Kirstie Allsopp’s diary: Why I’m terrified of Woman’s Hour

17 August 2013

9:00 AM

17 August 2013

9:00 AM

If you haven’t scuffled you haven’t lived, and our local scuffle is the best of the best. A scuffle is a sort of off-road bumper cars in 4x4s, and it’s one of the highlights of the summer. Our car, The Scuffle Pig, was on her third outing this year. We thought she’d been dealt a fatal blow in 2011, when a foolish friend encouraged a fellow scuffler to get her out of a dip by ramming her. The back windscreen was smashed, and I had to leap out and strip my then 12-year-old stepson down to his underpants in front of numerous spectators in order to get rid of the glass. He was remarkably good about it, though. Happily the Pig rode again, sporting four new off-road tyres which cost more than she did. The boys were concerned that the heatwave might have resulted in a dry scuffle — any good scuffle needs mud — but there was no need to worry. It never really stops raining on Exmoor.

Less than a week to go until my stint presenting Radio 4’s Woman’s Hour, and I am terrified. This gig is a big deal. If you’re a devotee of the station you can tell what time of day it is from the voice you hear when you turn on the radio. Your body clock is set to the ebb and flow of the different shows (when my eldest was tiny he could always be calmed by the Archers theme tune). We have one Radio 4 addict friend who has a house in the Caribbean, and listens to it there via the internet. Once the jetlag has worn off you find yourself eating breakfast while listening to Martha Kearney on The World at One, which never feels quite right.

The Channel 4 press office have been in touch with my agent; the Sun are doing a piece on celebs getting freebies and money by tweeting about products, and my name has come up. I ring the press office and ask for the journalist’s number. I don’t want anyone handling this for me; if you have nothing to hide, you don’t need a spokesperson. The Sun journo’s number is not immediately forthcoming, so I tap out a few heated tweets reflecting how I feel about being suspected of being ‘on the Twake’. I also ask anyone whose business I have promoted without wanting anything in return to contact the Sun. Eventually I speak to the journalist and he says that the powers that be are not happy about my tweets — a few people took the opportunity to tell the Sun where to get off. ‘You called me a tosser,’ he says in an injured tone. I apologise, but given that he’d sent reams of my tweets to my employer, suggesting that I’d composed them for personal gain, I think he got off lightly.

Up to London for the premiere of the new Richard Curtis film, About Time. The screening is at Somerset House; I’d never been to one of their movie nights, but I’ll certainly go again. About Time is a gem — delicate and finely tuned, but with a powerful message about how to live life to the full. It’s had a remarkably positive effect on me, which I hope lasts a fair while. For someone whose diary is organised at least a year in advance, it was a timely reminder to live in the present.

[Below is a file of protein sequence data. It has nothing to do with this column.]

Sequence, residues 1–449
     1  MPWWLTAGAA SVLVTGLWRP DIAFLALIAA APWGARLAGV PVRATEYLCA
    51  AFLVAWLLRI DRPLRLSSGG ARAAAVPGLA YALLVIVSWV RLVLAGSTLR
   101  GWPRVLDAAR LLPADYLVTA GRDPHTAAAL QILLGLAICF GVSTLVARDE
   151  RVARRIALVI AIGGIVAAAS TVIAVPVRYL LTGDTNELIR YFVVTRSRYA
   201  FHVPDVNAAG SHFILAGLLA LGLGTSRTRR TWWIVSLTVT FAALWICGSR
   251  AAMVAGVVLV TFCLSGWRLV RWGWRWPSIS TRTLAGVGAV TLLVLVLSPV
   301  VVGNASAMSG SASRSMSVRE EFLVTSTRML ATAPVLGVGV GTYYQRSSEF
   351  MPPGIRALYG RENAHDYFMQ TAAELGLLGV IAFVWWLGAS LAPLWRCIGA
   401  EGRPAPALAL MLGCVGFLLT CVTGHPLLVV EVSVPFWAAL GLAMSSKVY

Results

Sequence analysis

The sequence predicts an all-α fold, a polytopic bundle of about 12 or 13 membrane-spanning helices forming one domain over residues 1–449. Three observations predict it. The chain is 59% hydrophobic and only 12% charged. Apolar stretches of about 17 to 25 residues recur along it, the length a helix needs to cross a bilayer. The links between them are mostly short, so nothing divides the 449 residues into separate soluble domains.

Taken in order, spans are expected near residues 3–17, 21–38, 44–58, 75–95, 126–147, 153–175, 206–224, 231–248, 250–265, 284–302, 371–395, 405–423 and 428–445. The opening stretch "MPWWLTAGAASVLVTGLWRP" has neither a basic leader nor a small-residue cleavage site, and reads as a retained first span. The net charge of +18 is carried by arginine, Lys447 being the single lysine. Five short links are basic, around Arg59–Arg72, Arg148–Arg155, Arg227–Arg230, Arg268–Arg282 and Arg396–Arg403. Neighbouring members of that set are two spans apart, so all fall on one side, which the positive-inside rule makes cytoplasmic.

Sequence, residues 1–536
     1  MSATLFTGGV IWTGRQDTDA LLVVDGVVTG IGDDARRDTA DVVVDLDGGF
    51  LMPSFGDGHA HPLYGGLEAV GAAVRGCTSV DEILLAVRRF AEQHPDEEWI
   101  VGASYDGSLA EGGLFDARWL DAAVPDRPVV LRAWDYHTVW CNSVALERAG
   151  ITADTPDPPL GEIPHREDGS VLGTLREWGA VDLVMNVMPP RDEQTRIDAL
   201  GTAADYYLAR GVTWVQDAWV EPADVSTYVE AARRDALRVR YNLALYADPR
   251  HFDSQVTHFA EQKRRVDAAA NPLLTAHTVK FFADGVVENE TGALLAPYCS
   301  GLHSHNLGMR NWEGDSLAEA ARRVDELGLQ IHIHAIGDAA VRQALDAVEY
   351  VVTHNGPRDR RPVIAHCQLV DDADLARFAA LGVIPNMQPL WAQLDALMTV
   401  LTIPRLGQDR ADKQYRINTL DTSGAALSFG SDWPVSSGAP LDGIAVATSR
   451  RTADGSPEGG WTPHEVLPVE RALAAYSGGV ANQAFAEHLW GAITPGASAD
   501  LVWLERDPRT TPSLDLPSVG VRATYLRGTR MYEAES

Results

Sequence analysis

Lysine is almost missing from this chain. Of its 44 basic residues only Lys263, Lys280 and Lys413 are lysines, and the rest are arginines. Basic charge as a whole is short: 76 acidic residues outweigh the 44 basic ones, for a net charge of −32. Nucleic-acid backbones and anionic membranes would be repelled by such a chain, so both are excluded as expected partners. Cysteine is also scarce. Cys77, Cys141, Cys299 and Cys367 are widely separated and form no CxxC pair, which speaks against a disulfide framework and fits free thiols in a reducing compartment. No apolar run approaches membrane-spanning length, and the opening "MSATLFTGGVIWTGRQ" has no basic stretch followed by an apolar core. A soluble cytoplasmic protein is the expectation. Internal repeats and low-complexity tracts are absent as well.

We spend the weekend going up and down the Atlantic Highway between Devon and Cornwall. When I was a child, we often went to north Cornwall in the summer. It took forever to get there and the highlight of the journey was lunch at the Little Chef outside Honiton. Now I live near Honiton, so the joys of Polzeath are much closer for my children than they were for my siblings and me. They also have wetsuits and boogie boards, which makes time in the Atlantic Ocean much more pleasant. My parents stopped going to north Cornwall when I was 14, after my mother burst into tears one day and declared that looking after someone else’s house and shopping in supermarkets where they didn’t sell avocado pears was not her idea of a holiday.

My radio-presenting stint is over, and I’m alive, I’ve double checked. Heart still beating, head still attached to body. I didn’t bring Radio 4 to its knees. By the time I got to Broadcasting House, following a bugger-up getting my stepsons to Heathrow and my cab accidentally being sent away, all before 7 a.m., I was terrified. Rebecca, the saint-like producer I’d been working with on this special show, sat with me in Jenni Murray’s ‘Woffice’ and discussed the running order and questions I wanted to ask the panel, who were there to discuss the politics of birth. In the event, I was so nervous about balance, not letting down the Woman’s Hour team and not disgracing myself by leaping across the table, grabbing a panel-member by the scruff of the neck and accusing her of misleading an entire generation of new mothers, that the show was far milder than I meant it to be. But I’m not going anywhere, and those who seek to pretend that anyone can have a transcendental birth experience with nothing more to aid them than a back rub and bendy straw are on notice.

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Kirstie Allsopp is a television presenter. Her shows have included Location Location Location and Kirstie’s Homemade Home.

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